Chicago | Reuters — U.S. soybeans rose for the third consecutive session on Monday to hit a five-month high as rains stalled the harvest in South America and data from Washington confirmed robust shipments of the oilseed out of the U.S.
Corn futures declined the second session in a row as traders took profits after prices hit the highest level since September last week. Wheat futures jumped one per cent as bitter cold again threatened to damage the dormant U.S. crop.
“We’re seeing bull spreading (on soybeans),” said analyst Jason Roose of U.S. Commodities. “We have strong soymeal demand from a local standpoint and strong bean exports. Right now, we’re not getting any bearish news.”
Soybeans for March delivery jumped 15-3/4 cents, or 1.2 per cent, to $13.86-1/2 per bushel at the Chicago Board of Trade, touching the highest level since Sept. 13 (all figures US$). March soymeal surged more than two per cent to hit a contract high.
Excessive rainfall that slowed the harvest in Brazil’s top soy state of Mato Grosso could damage what is expected to be a record crop, analysts at AgRural said in a weekly report.
The harvest delays could extend the export season in the U.S., where U.S. shippers already have loaded five million more tonnes of soybeans so far in the 2013-14 marketing season that started on Sept. 1 than a year earlier. U.S. Agriculture Department data on Monday showed 1.27 million tonnes of soybeans were inspected for shipment at U.S. ports for the week ended on Feb. 20, a figure within analysts’ expectations.
Investment fund interest has also bolstered soybean futures, with noncommercial traders, including hedge funds, raising their net long position in soybeans in the week to Feb. 18, U.S. regulatory data released on Friday showed.
“Weather risk has returned to agri-commodity markets,” Rabobank analysts said in a note, citing weather-fuelled price gains in soy, wheat, coffee and sugar that led funds to extend net long positions or cut short ones.
Oats futures soared to an all-time high of $4.84-3/4 per bushel as continued slow rail transportation out of Canada prompted investment fund buying, traders said.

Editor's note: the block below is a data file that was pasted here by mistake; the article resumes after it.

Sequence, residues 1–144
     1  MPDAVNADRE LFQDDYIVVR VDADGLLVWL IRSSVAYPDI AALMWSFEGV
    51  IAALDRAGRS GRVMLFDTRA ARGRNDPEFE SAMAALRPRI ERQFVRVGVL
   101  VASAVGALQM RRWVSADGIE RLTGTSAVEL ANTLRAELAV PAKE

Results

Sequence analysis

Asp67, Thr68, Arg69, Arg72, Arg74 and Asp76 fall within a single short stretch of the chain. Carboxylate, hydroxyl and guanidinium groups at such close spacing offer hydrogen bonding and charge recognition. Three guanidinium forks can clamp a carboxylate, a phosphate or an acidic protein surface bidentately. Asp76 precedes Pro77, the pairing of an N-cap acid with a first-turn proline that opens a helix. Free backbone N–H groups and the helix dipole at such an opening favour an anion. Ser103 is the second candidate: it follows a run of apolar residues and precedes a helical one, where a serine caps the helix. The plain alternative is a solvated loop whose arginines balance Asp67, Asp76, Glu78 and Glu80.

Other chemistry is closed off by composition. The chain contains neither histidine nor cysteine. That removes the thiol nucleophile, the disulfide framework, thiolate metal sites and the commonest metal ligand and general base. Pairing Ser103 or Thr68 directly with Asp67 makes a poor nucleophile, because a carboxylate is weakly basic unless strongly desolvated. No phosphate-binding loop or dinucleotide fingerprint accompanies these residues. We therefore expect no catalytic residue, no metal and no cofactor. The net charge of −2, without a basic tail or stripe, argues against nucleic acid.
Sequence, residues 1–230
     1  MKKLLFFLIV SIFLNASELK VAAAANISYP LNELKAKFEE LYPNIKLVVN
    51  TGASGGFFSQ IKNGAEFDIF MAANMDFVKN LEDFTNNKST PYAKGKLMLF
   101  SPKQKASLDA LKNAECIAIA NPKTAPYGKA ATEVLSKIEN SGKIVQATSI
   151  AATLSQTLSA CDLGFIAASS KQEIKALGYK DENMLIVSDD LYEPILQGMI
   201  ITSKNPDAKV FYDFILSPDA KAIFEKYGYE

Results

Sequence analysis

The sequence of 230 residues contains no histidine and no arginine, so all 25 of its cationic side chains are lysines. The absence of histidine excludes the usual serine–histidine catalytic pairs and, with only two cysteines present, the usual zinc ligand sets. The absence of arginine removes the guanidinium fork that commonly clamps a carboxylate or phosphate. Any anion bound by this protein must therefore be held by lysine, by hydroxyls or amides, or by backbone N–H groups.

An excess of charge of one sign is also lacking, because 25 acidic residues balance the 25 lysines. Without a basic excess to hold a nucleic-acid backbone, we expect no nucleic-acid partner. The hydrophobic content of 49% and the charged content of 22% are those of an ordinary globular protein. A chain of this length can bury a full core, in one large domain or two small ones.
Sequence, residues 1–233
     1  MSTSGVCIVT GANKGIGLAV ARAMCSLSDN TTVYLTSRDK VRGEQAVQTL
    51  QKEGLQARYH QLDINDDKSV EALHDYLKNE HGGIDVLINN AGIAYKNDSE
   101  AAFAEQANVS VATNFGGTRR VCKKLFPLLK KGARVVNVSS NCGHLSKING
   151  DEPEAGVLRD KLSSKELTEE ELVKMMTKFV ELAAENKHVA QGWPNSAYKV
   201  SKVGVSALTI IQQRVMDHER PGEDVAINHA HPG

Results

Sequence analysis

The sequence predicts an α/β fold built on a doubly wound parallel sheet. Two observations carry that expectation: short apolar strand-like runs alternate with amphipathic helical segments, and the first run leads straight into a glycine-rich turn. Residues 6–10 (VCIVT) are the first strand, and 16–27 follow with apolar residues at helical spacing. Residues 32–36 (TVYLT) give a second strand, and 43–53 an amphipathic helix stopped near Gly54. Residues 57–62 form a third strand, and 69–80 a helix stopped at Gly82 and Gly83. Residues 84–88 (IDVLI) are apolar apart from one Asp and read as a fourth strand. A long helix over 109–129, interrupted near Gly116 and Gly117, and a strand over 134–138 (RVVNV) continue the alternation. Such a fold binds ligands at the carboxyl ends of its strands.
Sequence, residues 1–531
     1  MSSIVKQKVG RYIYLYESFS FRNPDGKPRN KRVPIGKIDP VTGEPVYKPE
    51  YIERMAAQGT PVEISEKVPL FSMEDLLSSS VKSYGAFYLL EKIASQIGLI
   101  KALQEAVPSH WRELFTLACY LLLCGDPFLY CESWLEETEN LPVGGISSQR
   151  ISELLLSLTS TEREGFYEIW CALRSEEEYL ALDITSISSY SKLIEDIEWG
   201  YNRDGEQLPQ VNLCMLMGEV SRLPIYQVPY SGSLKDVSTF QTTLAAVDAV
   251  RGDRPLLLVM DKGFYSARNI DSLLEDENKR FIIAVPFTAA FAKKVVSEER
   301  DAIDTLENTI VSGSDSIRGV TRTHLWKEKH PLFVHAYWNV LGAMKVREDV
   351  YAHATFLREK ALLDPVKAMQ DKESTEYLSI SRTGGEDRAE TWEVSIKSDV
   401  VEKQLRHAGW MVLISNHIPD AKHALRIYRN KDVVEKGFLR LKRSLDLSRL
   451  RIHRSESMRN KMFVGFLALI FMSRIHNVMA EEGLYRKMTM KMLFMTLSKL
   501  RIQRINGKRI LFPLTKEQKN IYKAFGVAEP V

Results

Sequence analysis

“Everything is catching a bid a little bit today because the macro markets are firm,” A/C Trading analyst Jim Gerlach said.
But some traders said the rally in soybeans might be fragile given a U.S. government outlook on Friday for a record harvest this year that would raise stocks and lower prices.
At its annual Agricultural Outlook conference, USDA also forecast a record-large corn crop, despite an expected drop in planted area.
CBOT March corn settled 1-1/2 cent lower at $4.51-1/2 per bushel, paring earlier losses in the session.
CBOT March wheat gained eight cents to $6.17-3/4 per bushel, rebounding after two sessions of declines. A return to freezing temperatures in the U.S. Midwest and southern Plains regions could minimally damage wheat fields not protected by blankets of snowcover, the analysts said.
The ousting of Ukraine President Viktor Yanukovich reduced risk premium in the grains complex that last week led to higher corn export prices in neighbouring Russia. Closer ties to the European Union could also expand grain production and trade in Ukraine, analysts said.
— Michael Hirtzer reports on ag commodity markets for Reuters from Chicago. Additional reporting for Reuters by Julie Ingwersen in Chicago, Gus Trompiz in Paris and Naveen Thukral in Singapore.